10 Hiring Tips for the Small Business Owner

Sep 1, 2012

hiring for small businessToday’s job market is not unlike the housing market; it can be awesome or abysmal, depending on which side of the desk you’re sitting on.  If you happen to own a small business that is in hiring mode, you are in an enviable position.  Instead of searching for that ideal management candidate who can afford to work at a startup, you may find yourself deciding between several overly qualified MBAs.  There is no doubt that this is a great time to hire, especially if you own a small business. 

If there is one downside to acquiring new staff members in a competitive job market, it is sorting through all of those resumes.  Rather than trying to figure it all out by yourself, here are some valuable tips to help you attract, screen and hire the ideal candidate for the job.

  1. Create a detailed job description.  Exactly what are you looking for in an employee?  What are the specifics of the job and what skills are required?  Too often, when a small business owner or manager posts a job listing, he expects the new recruit to handle everything that is currently not being done.  It may not be possible to find someone who is a whiz at sales, can balance the books, make coffee and manage your schedule all at the same time.  Think about which tasks fit the job you are looking to fill and write the job description accordingly.
  2. Ask yourself if there is another way to fill the need?  Unlike many large businesses which, small businesses have the flexibility to seek out non-traditional solutions.  According to the book “Hiring Your First Employee,” it might make more sense to go through a temporary agency or use an independent contractor for certain tasks.  Temps might cost more than full-time employees, but they allow you to “try out” a new employee before making a long-term commitment.  Contractors and temps allow you to bring someone on board temporarily without adding them to the payroll. 
  3. Borrow ideas from the competition.  In order to compete, small companies have to do everything the larger ones do only with less money.  When it’s time to hire, career coaches recommend you scour the ads of your competition for similar positions and find out what skills they’re seeking.  What are they offering in terms of salary and benefits?  Ads can be found on internet job sites and on job search engines like Indeed.com.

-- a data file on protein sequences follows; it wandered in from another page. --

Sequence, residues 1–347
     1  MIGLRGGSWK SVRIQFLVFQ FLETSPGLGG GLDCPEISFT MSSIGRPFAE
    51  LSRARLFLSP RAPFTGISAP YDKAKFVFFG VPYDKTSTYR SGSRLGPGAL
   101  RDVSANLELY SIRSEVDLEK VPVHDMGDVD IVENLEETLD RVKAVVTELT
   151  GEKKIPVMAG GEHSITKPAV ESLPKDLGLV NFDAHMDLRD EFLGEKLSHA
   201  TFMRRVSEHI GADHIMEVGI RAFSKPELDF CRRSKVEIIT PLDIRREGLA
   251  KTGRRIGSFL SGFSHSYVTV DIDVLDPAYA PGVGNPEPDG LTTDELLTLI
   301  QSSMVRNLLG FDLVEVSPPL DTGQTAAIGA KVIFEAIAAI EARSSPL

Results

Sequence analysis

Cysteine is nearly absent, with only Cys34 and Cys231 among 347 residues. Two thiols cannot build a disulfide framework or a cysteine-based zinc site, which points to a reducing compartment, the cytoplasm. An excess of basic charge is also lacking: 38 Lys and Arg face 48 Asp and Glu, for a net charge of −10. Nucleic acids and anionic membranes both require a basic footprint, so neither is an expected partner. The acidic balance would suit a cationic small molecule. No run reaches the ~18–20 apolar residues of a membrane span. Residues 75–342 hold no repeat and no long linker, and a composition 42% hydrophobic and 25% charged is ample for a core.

4. Never stop recruiting.   Small business owners never finish the hiring process. Even when the company is fully staffed, you should keep your antennae up for future hiring needs.  You never know when a valued employee will hand in their resignation, and with such a small staff you need to be prepared to act quickly. 
  5. What are your “must-haves?”  You may not have access to the computer programs that automatically sort through resumes, but you can know exactly what you’re looking for.  If you have a stack of resumes to sort through, ask some trusted friends or family members to help you go through the pile.  Or set up a macro on Microsoft Word to scan through digital resumes looking for certain keywords.
  6. Only seek out the best employees.  Just because you own a small business doesn’t mean you can’t attract heavy hitters.  Chances are your company can attract a disenchanted corporate type who is craving a small business environment.  They may be attracted by the opportunity that comes from being a big fish in a small pond. 
  7. Don’t expect to get something for nothing.  Anyone who is hiring may feel like they are in the driver’s seat, but try not to over-hire and underpay.  If your key people jump ship after a year or two, you could find yourself filling the same position over and over again. 
  8. Be prepared to hunt for the top candidates.  Pick up the phone and call your best contacts in the business, attend chamber of commerce events, join networking groups and have coffee with former colleagues.  You may be pleasantly surprised at the number of referrals that come your way. 
  9. Learn about the individual, not just the resume.  When a small business owner hires, chances are the new employee will represent a sizable portion of the staff.  As a result, it’s important for entrepreneurs to find employees that will be a good “fit” for the company culture. According to Jim Schell, author of “Small Business for Dummies, “you may be able to teach them new skills, but it’s impossible to teach attitude.”
  10. Use your own skills.  Unlike most corporate recruiters, you have the benefit of knowing how to do each job firsthand. This helps a lot with the recruitment process because you will know how to interview.  Ask how candidates how they would handle that hypothetical situation and find out how well they think on their feet. 

Anytime you add new employees to a small business, it changes the dynamics of the group, so it’s important to hire positive people who are just as impressive in person as they are on paper.  The impact of one bad hiring decision can change the trajectory of your company’s growth.  Follow these tips and take the time you need to find the right people. 

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